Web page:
Richard Wilcocks writes:
Bob Swindells, the author of Stone Cold, Abomination, Brother in the Land, Daz4Zoe, Follow a Shadow, Room 13 and much, much else read from his work and answered questions from about two hundred Year 9 students at Cardinal Heenan Catholic High School yesterday (Wednesday) morning in an event described by Assistant Head Cathie Brown as “a triumph”. His audience was wonderfully attentive as he read from Room 13, which he later said was his favourite, and ready with questions of all kinds when he talked with them for more than an hour afterwards.
The students were probably most familiar with Stone Cold, the story of Link, a boy from Yorkshire who tries to find work in London but who becomes homeless, and who is then stalked by a serial killer. He spoke about how he had done the research for the novel, writing to organisations like Shelter and actually spending time wearing shabby old clothes sitting on a bench at night amongst real down-and–outs by the Thames. He had encountered some callous, even dangerous people, but also some kind ones, like the man who had walked past him carrying a takeaway meal, who had turned back and left it beside him without saying a word.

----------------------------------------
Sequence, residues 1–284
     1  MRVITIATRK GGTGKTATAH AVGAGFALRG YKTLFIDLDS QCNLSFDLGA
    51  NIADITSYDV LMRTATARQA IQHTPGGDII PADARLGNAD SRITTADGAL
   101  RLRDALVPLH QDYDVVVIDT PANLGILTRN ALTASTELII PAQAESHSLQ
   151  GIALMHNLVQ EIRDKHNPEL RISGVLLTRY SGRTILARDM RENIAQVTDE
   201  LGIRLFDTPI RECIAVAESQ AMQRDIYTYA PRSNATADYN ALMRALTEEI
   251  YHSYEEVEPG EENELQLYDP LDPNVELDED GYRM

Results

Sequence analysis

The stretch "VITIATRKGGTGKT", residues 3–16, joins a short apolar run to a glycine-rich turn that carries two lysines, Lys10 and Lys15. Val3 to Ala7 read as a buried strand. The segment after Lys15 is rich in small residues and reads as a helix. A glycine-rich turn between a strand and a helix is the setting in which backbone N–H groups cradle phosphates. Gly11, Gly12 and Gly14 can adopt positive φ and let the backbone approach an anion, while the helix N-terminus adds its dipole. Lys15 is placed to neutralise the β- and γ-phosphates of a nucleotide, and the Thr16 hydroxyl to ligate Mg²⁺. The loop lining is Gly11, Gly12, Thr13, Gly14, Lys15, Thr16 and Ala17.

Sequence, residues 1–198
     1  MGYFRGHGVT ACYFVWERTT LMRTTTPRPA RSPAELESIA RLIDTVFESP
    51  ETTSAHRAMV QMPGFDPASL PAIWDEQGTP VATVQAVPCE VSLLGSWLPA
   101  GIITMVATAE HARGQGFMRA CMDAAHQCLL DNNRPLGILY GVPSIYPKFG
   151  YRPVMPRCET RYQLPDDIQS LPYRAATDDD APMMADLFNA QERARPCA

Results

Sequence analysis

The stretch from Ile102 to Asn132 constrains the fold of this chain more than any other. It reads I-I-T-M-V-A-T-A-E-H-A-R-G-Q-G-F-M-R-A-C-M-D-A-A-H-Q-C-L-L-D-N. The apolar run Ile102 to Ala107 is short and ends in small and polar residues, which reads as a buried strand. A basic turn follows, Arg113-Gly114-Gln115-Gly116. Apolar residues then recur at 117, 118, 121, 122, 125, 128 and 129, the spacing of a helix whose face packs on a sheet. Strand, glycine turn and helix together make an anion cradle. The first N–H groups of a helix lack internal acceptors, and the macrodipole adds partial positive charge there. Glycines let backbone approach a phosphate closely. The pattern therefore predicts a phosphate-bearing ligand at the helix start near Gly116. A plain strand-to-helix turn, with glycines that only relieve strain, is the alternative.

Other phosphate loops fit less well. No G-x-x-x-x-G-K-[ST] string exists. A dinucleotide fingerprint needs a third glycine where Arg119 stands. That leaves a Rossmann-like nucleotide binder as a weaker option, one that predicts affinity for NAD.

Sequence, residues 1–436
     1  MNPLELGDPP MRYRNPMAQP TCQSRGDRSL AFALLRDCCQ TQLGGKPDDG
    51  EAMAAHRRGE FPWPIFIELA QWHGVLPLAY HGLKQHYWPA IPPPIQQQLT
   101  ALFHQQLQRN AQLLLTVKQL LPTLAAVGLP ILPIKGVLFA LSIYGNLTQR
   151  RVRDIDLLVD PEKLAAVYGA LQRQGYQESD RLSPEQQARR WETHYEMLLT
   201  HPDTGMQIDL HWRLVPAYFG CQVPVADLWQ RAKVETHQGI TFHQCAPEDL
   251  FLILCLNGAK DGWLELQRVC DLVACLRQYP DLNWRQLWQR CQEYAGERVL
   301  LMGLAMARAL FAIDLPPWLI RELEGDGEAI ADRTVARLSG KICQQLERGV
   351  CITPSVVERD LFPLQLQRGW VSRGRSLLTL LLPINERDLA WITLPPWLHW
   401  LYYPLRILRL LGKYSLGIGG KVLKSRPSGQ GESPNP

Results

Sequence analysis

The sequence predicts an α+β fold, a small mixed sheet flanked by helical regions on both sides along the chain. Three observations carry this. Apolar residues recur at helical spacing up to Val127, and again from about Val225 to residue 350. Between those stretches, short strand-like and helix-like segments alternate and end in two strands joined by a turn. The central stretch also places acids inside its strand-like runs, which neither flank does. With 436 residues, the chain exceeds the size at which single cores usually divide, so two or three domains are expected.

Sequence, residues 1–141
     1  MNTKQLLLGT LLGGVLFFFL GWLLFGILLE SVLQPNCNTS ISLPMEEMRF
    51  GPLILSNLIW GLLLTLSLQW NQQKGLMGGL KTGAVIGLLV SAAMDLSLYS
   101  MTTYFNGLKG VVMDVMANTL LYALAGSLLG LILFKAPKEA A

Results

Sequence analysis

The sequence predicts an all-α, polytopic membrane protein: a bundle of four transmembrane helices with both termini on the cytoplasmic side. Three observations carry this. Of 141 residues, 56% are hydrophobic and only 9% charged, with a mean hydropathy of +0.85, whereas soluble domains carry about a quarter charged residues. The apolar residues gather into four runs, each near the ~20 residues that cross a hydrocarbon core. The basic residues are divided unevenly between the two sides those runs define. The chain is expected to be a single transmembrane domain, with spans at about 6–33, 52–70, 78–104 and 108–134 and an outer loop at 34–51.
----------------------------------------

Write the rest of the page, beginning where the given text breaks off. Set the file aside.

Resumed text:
“I took ideas from stories in the news, and was thinking of Dennis Nilson, who murdered a number of young people in his flat.”
I asked him whether he was still got at by tabloid journalists for his choice of ‘strong’ subject matter. I remembered one particular screech from someone at the Daily Mail along the lines of “What are we doing to our children?”
“Not so much nowadays,” he said. “All of that happened when I was awarded the Carnegie Medal for Stone Cold. I am not usually that high-profile. It does not bother me.
I am often stimulated to write by things which make me angry, like the fact that there are homeless teenagers sleeping in doorways when there is no need for it. I am angered by the existence of nuclear weapons as well, and the mad threat to use them.”
He talked about when he was arrested for taking part in an anti-nuclear protest which involved getting chained up with others, then padlocking the chains to gates outside the Ministry of Defence. The police cut him free using bolt cutters. When he refused to pay the twenty-five pounds fine (those were the days!) he ended up in Armley Gaol. This was an extremely interesting tale for the audience, with plenty of follow-up questions. An author in a prison cell!
“I don’t know how you picture authors in your minds. Perhaps you think of someone wearing a dressing gown and drifting about the house with a cigarette in a long holder.”
Bob Swindells has officially retired from school visiting, so it was terrific that he agreed to come over to Leeds for the Headingley LitFest. He was much appreciated by the students and teachers.